Players will share dealer duties, with the responsibility of dealer being moved around the table with the progress of play as indicated by a ‘dealer button’ (often a white marker or button).

In Omaha, betting rounds follow the same structure as Texas Hold ‘Em and are punctuated by blinds, the flop, the turn and the river. In the showdown, final hands are laid out and a winner is decided.

Omaha players win by either forcing their opponents to fold their cards or by demonstrating the strongest hand in the showdown.

As discussed, hands in Omaha must be made up of precisely two hole cards and three community cards.

In Omaha, the aim of the game is to walk away from the table with all the chips.

A Guide to Hand Values in Omaha  

The Poker Loco guide to Omaha hands, ranked in descending order.

Now that you understand the basic rules of Omaha and how to construct hands, you’re ready to learn about the hands. Luckily, if you know how to play Texas Hold ‘Em, you won’t have to learn any new hand rules.

Omaha Hands & Card Suit

In Omaha, it is important to note that for hands constructed with cards of the same suit (such as straight flushes and flushes) you must hold at least two cards of that suit within your range of hole cards. This must be combined with three community cards of matching suit to constitute a valid Omaha hand.

Omaha Hand Construction

The main difference in the rules of Omaha poker lies in the way that players can construct hands.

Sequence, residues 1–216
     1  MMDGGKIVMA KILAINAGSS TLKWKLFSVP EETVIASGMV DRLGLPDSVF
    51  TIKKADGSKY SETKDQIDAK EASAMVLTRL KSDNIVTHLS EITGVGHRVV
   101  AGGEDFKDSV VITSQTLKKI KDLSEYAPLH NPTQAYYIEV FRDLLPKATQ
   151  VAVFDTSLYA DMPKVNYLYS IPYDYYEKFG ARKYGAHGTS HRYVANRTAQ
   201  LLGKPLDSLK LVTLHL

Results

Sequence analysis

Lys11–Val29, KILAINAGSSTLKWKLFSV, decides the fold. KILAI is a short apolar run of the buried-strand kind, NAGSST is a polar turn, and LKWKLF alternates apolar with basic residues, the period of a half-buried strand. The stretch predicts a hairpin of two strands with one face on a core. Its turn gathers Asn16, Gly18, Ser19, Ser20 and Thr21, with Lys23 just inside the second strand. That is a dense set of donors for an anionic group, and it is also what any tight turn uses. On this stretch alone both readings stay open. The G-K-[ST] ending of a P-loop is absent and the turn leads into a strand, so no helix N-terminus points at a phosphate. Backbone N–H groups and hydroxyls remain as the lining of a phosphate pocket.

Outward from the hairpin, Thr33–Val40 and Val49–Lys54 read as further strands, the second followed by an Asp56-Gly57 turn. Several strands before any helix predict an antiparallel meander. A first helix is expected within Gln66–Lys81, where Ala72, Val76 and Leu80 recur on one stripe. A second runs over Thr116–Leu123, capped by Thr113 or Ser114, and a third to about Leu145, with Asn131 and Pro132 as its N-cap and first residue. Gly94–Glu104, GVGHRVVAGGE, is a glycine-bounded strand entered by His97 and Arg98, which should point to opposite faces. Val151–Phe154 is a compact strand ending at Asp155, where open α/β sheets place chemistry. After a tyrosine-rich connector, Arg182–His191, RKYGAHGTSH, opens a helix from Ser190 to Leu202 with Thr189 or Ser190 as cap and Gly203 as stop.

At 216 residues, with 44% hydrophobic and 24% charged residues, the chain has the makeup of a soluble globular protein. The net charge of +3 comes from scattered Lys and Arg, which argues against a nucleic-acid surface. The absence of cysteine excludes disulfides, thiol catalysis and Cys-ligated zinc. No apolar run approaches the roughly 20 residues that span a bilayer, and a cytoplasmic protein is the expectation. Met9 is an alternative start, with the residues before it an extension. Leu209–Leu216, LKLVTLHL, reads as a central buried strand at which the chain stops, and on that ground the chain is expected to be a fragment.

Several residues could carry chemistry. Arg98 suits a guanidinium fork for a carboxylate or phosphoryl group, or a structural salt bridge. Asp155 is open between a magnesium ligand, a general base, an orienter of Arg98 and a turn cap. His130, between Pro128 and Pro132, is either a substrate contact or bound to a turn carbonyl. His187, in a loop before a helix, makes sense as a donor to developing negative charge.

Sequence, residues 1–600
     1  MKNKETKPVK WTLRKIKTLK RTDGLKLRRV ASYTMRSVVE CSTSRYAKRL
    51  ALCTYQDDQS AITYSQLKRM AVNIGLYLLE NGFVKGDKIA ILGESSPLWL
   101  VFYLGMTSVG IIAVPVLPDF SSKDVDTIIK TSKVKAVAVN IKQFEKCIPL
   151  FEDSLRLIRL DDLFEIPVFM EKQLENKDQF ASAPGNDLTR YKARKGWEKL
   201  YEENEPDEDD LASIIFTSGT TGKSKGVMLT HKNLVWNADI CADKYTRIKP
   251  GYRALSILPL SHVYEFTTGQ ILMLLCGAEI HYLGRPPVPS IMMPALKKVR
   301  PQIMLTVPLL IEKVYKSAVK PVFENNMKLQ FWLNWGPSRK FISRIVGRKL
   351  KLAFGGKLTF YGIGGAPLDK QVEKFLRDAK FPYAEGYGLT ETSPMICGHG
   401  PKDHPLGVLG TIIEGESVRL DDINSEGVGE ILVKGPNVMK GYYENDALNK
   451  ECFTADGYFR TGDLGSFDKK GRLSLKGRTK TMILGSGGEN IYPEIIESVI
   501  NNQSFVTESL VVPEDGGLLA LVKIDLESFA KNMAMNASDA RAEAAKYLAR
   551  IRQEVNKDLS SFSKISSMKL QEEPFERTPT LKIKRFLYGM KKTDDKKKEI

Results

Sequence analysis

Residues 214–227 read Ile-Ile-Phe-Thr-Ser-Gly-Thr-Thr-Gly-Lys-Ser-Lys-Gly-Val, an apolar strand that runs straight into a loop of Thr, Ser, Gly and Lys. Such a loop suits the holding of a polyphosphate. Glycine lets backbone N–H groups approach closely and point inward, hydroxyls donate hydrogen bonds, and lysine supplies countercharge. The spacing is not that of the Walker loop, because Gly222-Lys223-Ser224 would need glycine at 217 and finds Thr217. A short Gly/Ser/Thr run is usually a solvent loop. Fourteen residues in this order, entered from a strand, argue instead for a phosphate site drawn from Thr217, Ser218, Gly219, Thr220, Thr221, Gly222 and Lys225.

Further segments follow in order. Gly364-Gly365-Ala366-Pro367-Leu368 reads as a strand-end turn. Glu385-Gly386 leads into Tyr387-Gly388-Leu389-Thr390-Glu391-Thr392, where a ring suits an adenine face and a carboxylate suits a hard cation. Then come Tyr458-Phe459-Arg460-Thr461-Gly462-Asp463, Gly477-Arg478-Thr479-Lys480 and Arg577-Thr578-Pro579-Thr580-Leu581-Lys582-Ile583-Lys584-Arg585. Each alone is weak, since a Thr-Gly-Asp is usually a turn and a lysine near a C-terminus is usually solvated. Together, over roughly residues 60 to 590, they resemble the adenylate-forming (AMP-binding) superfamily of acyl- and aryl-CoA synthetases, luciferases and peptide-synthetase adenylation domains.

In Omaha, you must always use two hole cards combined with three community cards to make a hand. This means that you may have to be more careful in the way that you build hands, especially with regards to suit.

Despite the basic value and ranking of poker hands remaining the same, Omaha is more complex and layered than Texas Hold ‘Em in that its rigid and dictated hand construction system forces players to think outside the box.

Omaha Hands

Here is a quick list of Omaha poker hand values, ranked from high to low:

  • Royal Flush – A Royal Flush is composed of 10, Jack, Queen, King and Ace of the same suit. This is the most valuable hand that you can hold at the Omaha table.
  • Straight Flush – A Straight Flush is composed up any five cards of the same suit and in order according to their value (e.g. 3,4,5,6,7 of hearts)
  • Four of a Kind –Four of a Kind is composed of any four numerically identical cards.
  • Full House – A Full House is composed of a pair combined with three of a kind.
  • Flush – A Flush is composed of any five cards of the same suit.
  • Straight – A Straight is composed of any five cards of any suit that run in order.
  • Three of a Kind –Three of a Kind is composed of any three cards of any suit with the same numerical value.
  • Two Pair – A Two Pair is composed of two different pairs in one hand.
  • One Pair – One Pair is composed of any two cards of any suit that have the same numerical value.
  • High Card – A High Card hand is composed of the single highest card that a player holds in hand. This is the least valuable hand in a game of Omaha.

You can now approach the Omaha table with knowledge and confidence. While this guide to the rules of Omaha is basic, it’s all you need to start playing.